By: Chaunte McClure
I can already visualize my sister facepalming after reading the title of this blog post, but don’t worry, I’m not about to embarrass you.
I was just thinking about Grandma as I do from time to time, reflecting on fond moments. I miss that lady and sometimes I wonder what life would be like if she were still here. I’m not sure what I’d love most – just having her around or enjoying her good cooking. Surely she’d be disappointed that I spend more time at restaurants than I do in my kitchen. I wonder if I would have developed that bad habit of eating out with her here? Probably so. I’m not sure if she could change that, but I could be wrong. That woman cooked two or three meals every day and loved doing so. What’s more, we loved it too. We, the grandkids and grand nieces and nephews, were guaranteed a meal when we got in from school. An aroma met us at the door every single day.
Fried chicken made everyone happy, but my favorite was neck bones. Yes, country I am; country to the bone. I know there’s hardly any meat on neck bones, but they are good. It was something about the way Grandma seasoned them and that gravy . . . oh my goodness! I try my best to cook them like Grandma used to, but mine aren’t quite the same. I usually cheat by cooking them in the Crockpot, but that shouldn’t affect the flavor, right? Anyway, I always wanted seconds with that good gravy covering my rice.
And those Saturday or Sunday morning homemade biscuits. Oowee! Many times I watched her sprinkle flour over the counter and knead, roll and cut biscuits. It’s a shame that I can’t make them. Okay, I haven’t tried. But back to Grandma’s biscuits. When they came out of the oven, all I needed was that bottle of Cane Patch Syrup and I would dip and chew, dip and chew. (I think that Cane Patch also came in a can.) As kids we’d do the I-want-some-more-dance while holding our plate or bowl, asking Grandma for another biscuit. Even when her children were adults she’d make them biscuits and they never turned them down.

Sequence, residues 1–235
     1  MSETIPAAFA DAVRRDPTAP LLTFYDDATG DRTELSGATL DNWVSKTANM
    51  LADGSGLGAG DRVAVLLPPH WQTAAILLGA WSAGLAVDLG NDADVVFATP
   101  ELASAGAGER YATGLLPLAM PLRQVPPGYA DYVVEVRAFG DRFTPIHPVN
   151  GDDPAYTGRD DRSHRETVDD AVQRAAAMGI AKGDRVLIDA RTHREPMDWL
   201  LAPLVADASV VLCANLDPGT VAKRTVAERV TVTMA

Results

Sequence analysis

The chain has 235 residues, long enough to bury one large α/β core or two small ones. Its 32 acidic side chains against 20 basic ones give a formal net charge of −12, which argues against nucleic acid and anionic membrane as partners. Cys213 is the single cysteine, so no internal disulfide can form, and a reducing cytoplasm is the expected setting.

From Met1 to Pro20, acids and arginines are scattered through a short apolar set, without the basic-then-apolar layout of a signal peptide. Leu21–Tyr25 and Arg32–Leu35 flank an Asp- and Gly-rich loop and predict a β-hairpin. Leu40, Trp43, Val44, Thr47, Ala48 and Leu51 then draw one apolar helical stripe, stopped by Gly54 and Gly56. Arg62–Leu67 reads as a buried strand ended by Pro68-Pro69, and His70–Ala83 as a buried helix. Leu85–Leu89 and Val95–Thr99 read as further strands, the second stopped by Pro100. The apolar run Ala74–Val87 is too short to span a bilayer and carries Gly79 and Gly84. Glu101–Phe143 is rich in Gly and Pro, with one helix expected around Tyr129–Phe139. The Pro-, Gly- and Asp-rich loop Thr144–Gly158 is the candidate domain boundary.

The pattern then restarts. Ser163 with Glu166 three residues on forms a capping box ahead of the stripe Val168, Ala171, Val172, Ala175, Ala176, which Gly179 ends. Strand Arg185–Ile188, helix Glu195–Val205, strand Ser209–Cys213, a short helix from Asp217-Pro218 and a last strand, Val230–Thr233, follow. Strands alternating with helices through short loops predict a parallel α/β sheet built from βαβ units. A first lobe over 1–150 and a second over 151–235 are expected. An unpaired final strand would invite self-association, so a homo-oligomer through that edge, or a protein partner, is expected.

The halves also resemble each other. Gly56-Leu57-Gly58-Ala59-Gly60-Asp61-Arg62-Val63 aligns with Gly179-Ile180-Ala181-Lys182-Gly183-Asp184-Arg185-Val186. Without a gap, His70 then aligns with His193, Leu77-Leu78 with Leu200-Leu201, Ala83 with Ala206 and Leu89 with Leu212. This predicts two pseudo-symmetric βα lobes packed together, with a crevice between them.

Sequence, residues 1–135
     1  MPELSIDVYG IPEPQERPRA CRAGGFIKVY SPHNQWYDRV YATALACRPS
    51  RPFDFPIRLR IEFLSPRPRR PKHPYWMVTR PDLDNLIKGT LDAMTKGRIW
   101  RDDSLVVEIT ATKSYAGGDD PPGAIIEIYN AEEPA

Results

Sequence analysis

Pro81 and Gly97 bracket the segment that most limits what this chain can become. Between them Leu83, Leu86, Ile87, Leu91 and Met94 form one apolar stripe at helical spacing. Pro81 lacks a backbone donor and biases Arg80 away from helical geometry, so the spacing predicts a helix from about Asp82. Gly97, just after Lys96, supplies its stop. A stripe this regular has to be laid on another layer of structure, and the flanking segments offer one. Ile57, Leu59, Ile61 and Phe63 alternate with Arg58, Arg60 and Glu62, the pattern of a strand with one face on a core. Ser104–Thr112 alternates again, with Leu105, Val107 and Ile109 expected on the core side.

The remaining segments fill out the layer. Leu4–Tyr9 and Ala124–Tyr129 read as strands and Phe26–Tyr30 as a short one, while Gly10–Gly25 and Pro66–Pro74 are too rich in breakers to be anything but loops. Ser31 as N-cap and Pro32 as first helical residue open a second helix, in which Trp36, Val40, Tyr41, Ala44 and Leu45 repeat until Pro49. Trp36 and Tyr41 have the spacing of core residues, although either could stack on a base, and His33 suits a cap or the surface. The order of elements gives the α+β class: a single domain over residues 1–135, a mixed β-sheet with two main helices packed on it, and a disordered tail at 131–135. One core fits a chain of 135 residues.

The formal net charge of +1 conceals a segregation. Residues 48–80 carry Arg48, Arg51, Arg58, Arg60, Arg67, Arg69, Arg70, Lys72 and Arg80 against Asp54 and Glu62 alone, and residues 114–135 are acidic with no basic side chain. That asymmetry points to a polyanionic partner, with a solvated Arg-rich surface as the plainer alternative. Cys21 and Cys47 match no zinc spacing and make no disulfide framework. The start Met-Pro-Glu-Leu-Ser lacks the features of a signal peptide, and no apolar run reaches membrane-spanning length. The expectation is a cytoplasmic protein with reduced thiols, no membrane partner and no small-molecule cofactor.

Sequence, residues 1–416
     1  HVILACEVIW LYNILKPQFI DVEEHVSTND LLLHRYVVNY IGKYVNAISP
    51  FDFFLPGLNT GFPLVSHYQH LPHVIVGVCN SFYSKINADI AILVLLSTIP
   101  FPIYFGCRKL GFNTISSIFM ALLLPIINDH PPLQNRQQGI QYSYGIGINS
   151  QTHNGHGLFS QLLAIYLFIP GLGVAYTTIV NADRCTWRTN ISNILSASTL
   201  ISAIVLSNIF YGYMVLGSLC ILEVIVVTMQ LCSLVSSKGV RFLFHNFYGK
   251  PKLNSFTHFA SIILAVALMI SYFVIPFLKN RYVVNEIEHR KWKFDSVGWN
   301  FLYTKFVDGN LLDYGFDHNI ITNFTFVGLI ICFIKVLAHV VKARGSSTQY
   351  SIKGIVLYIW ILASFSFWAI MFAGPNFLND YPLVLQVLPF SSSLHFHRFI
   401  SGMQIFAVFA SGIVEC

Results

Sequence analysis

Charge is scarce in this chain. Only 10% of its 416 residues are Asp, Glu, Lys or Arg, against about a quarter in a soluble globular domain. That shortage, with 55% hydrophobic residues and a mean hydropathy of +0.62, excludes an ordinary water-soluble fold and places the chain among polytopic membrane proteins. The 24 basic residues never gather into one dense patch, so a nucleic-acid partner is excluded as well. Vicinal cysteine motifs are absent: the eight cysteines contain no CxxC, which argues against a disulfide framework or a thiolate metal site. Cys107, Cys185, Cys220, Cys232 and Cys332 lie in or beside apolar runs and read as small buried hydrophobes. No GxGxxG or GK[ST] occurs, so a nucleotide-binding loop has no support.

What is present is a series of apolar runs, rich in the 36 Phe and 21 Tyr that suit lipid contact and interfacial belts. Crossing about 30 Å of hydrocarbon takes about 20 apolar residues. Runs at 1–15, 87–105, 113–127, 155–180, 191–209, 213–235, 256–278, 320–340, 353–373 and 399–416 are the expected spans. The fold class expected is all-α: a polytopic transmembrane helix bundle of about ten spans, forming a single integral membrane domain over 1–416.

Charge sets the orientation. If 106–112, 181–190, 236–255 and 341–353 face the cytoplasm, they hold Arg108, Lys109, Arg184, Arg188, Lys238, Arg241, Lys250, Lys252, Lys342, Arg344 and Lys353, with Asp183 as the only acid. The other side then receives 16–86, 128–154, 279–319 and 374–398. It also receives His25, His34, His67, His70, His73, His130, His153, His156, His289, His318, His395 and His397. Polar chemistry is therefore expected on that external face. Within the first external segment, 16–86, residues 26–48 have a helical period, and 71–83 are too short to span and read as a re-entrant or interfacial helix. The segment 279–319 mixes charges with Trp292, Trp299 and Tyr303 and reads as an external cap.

And they never turned down those old-fashioned southern tea cakes. I don’t know who was most excited, the grandkids or the adults. I was never really into sweets so I didn’t react to tea cakes like I did to a pot of neck bones. If she happened to bake them on a day when I had a taste for something sweet, then great, but they were always a treat for everyone else. If I just say “tea cakes” around one relative, it brings a smile to her face because she loved Grandma’s tea cakes as much as she loved the fact that Grandma would make them when she asked.
Those were the good ol’ days, as we like to say. It seems like you don’t realize how good they were until they’re gone or the people who made them special are gone.
So who wants to make biscuits, tea cakes and neck bones just for me? Not everyone at once, please.